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New Zealand Lakeside

My first experience of flying business class did not disappoint. I was fed and watered every air mile of the way and being able to stretch out and sleep was worth every penny I made Simon spend on my ticket!! We are now just over a week into our 'grand adventure'. It has been absolutely fantastic to date. A few minor hiccups along the way but great nonetheless.

We had originally booked a 3 berth motor home, something like a long wheel base transit with bathroom etc, but when we went to pick it up we were upgraded to a large 4 berth house on wheels! It was brand new, only 94 kms on the clock. We have had a couple of issues with it so far, smoke detector battery playing up so the Kiwi answer is, take the whole thing out!

There were some issues with the battery

Then the cooker wouldn't work properly, 15 mins to do 1 side of toast when you have a hungry husband to feed is no joke. We took it to a garage in Rotorua and had to have a new gas bottle and regulator. Then we noticed this strange smell and also that the battery seemed to be charging constantly. The long and the short of that is that it was a faulty battery, which on inspection was leaking bubbling battery acid from both terminals, was red hot to the touch and all buckled. I am no expert but even I knew that was not right especially when we saw steam/smoke coming from it!

Another phone call and a trip to a very nice Kiwi gentleman in Gisborne (where Capt Cook first landed and the first city of the sun) who was shocked by the state of the battery telling us that, in his opinion, we were damn lucky the bloody thing hadn't blown up! Nice. A new battery was fitted and we were back on the road.

Now we were to share our space with some ducks

We found a rather nice little Dept of Conservation site at Tutira, right by the lake. We had a family of ducks (mum and 8 children), some black swans and sheep for company along with a very nice elderly NZ couple called Dave and Mary. We had a cuppa with them and they told us that they had sold the family home and now spend all their time travelling round NZ in their camper van, going home occasionally to check the mail and make sure their family is ok.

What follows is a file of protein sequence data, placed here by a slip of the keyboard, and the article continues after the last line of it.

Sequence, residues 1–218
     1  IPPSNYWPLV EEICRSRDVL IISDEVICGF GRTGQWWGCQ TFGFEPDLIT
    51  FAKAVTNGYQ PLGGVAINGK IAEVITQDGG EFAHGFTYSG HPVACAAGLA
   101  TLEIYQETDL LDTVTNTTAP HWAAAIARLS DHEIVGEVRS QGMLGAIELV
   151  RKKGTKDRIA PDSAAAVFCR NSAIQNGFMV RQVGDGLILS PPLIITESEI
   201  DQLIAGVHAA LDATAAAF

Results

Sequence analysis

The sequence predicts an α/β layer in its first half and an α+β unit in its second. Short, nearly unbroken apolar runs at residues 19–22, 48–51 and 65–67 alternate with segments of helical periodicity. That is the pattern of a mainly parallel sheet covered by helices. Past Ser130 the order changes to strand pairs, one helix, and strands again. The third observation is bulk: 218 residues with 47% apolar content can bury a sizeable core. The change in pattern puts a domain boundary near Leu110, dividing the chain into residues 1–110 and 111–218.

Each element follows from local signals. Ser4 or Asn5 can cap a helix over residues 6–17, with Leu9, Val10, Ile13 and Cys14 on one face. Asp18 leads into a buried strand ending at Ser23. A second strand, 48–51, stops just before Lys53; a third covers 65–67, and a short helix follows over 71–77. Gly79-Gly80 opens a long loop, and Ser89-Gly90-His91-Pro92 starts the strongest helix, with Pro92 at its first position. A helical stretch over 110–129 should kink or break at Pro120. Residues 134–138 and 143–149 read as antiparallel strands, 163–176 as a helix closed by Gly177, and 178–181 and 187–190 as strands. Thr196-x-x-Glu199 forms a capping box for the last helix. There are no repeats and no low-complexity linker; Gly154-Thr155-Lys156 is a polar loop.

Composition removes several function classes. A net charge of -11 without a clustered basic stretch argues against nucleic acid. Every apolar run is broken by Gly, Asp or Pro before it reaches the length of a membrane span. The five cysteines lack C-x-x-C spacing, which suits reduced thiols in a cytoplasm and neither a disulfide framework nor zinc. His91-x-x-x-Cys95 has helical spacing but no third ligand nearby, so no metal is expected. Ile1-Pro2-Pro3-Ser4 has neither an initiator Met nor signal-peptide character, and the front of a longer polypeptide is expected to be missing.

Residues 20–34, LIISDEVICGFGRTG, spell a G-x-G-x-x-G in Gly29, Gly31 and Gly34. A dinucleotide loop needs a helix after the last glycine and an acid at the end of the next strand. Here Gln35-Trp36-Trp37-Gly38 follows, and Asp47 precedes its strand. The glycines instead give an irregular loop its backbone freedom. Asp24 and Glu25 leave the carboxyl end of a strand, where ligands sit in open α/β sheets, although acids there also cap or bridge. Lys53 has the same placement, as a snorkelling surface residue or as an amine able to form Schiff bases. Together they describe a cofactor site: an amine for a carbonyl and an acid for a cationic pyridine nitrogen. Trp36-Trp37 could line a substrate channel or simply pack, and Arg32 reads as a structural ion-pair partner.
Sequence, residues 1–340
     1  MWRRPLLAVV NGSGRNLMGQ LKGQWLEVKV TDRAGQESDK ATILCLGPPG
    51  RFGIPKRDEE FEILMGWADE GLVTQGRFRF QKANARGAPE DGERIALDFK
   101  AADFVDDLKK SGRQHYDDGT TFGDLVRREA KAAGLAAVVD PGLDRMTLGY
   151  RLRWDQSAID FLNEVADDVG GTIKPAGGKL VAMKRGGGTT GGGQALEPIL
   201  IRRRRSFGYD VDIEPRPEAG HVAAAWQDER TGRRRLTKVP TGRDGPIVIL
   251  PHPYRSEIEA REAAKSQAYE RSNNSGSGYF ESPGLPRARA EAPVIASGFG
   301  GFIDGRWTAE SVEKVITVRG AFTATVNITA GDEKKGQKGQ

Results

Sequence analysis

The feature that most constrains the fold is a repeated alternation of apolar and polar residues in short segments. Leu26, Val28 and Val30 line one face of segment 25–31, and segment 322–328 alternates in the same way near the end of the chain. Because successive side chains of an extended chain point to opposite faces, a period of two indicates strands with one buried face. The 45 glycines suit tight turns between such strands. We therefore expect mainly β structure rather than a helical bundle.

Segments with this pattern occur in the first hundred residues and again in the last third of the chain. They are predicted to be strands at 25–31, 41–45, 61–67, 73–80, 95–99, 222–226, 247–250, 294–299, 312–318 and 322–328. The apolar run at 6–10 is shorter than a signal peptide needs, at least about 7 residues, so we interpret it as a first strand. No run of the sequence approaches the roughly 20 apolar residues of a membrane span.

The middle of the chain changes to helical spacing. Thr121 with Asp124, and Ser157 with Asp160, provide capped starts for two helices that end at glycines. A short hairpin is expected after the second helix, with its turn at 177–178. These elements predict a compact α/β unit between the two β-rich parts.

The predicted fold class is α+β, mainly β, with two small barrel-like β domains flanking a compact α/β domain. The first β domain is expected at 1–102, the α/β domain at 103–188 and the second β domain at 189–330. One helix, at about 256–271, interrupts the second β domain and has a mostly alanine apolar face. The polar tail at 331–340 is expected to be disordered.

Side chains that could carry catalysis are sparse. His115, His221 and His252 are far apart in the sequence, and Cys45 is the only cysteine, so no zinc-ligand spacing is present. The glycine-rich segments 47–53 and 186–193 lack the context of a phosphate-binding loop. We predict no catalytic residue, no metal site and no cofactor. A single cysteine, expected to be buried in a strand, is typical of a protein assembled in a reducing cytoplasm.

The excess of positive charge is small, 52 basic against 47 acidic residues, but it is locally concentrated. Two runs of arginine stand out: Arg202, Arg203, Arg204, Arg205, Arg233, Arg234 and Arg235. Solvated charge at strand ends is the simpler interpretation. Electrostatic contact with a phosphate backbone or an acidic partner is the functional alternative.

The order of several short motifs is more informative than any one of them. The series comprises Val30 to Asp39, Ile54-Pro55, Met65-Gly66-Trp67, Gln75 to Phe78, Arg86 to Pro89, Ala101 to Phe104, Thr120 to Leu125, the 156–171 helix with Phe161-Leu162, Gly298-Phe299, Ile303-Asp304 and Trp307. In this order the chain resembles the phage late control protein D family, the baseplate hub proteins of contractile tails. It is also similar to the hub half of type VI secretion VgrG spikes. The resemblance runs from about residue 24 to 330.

Thistles can be a problem here

We were woken up the next morning, by a low flying helicopter who was spraying herbicide on the hills behind us (we had been walking on them the day before) to kill the thistles. There is a big problem here with over grazing in the past which is causing massive soil erosion on the hills. The government are trying to kill off some of the invasive vegetation so they can plant fast growing poplar which, once the land has been stabilised, will be inter-planted with native oaks and other slow growing trees.

We spent one night in a place called Herbertville which really is the back end of nowhere. We were the only people on the site so it was very quiet. The weather was wild to say the least. Today it quietened down before we left so we had a long walk along a deserted beach and found a colony of fur seals at the end of it. There were lots of females, the odd male and I think the odd pup but I am no fur seal expert. It was a lovely reward for a long walk.

There are more sheep here than humans

We are now in Wellington after a long drive. It is true, there are 10 sheep for very human here and I think we have seen most of them. The scenery is stunning; in places it looks a bit like Scotland but with better weather and a lot less people. The people are super friendly, we keep getting invited into people's homes for tea and a chat. Two days sightseeing in Wellington and early hours Friday we will be boarding the ferry for the South Island. More adventures.............

We are having a wonderful time and, surprisingly, have not fallen out yet....

Part 2 can be found here.

By Lynda Davey

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